Let’s say you have a choice of two exchanges. In one exchange, you’ll trade a minor piece for a pawn. In the other exchange, you’ll trade a major piece, a Rook for example, for a minor piece. In both of these exchanges, you’ll be trading a unit of greater value for a unit of lesser value. Which trade works better? Look at the position and ask yourself which trade will give you more overall space immediately and in the near future. If you see that trading your Rook for an opponent’s minor piece opens up the board more than the trade of minor piece for pawn, then you should trade your Rook. While you’ll be down the exchange, the position will become less cramped and your other pawns and pieces will become more active.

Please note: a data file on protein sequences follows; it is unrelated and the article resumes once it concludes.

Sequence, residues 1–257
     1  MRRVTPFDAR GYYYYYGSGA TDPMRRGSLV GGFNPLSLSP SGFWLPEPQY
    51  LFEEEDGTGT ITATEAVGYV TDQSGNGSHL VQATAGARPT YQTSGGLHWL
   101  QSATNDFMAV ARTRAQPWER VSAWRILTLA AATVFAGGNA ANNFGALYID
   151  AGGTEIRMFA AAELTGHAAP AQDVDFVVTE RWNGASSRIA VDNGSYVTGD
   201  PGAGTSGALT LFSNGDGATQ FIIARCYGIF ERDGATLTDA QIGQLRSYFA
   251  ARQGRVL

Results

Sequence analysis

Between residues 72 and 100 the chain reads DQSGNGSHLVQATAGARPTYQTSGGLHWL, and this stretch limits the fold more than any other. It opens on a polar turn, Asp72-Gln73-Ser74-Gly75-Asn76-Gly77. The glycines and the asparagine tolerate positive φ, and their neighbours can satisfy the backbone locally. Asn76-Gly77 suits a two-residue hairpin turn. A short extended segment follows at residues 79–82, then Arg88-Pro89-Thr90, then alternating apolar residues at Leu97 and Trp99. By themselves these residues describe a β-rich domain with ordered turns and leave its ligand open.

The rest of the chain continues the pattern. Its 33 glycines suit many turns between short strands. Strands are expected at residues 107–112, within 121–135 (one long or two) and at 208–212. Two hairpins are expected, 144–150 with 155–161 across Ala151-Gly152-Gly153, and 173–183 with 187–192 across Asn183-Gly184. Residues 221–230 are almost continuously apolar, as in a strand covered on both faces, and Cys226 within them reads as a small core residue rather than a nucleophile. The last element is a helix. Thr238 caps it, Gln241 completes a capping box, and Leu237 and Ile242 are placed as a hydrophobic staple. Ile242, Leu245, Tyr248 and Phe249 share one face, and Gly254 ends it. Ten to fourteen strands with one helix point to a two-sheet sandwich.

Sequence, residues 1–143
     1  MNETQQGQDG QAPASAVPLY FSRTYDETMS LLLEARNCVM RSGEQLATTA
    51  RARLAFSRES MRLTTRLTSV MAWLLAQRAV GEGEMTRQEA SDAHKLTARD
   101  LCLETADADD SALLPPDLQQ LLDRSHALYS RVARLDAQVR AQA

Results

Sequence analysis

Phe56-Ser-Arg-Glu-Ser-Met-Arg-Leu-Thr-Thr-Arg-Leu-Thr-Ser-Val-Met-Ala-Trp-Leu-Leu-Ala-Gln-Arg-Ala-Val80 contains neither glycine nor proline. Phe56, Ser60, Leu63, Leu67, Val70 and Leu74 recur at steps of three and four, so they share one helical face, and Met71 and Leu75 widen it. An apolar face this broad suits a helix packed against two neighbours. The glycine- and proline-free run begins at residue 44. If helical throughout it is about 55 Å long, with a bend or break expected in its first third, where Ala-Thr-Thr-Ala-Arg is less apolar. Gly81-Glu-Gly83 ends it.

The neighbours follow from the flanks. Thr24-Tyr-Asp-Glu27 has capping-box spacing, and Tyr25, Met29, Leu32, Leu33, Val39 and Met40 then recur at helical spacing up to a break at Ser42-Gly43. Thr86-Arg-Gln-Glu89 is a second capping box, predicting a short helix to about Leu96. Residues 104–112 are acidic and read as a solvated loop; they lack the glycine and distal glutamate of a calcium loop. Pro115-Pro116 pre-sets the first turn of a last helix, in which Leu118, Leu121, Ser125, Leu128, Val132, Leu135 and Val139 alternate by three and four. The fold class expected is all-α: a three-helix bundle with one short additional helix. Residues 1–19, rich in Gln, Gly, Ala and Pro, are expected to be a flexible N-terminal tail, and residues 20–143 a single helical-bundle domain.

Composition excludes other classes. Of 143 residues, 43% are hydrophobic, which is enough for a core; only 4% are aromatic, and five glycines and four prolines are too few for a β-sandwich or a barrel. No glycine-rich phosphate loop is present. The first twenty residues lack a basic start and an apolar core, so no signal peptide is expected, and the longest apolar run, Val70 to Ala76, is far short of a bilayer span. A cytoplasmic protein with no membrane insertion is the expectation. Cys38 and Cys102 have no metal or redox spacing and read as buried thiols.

Sometimes, you have to sacrifice material to open a position up. Trading a Rook for a minor piece will leave you down two material points. However, if that uneven trade opens up the position, giving you the opportunity to gain better piece activity, then that two point deficit is worthwhile. So the next time you’re in a cramped position, see if a bit of material trading helps open things up. Even if you come out down the exchange, you’ll at least have a chance to get the rest of your material into the action. While we should all try to avoid cramped positions by employing sound game principles, we sometimes get boxed in by a stronger player. When this happens, don’t panic. Work your way out of it! Here’s a game to enjoy until next week!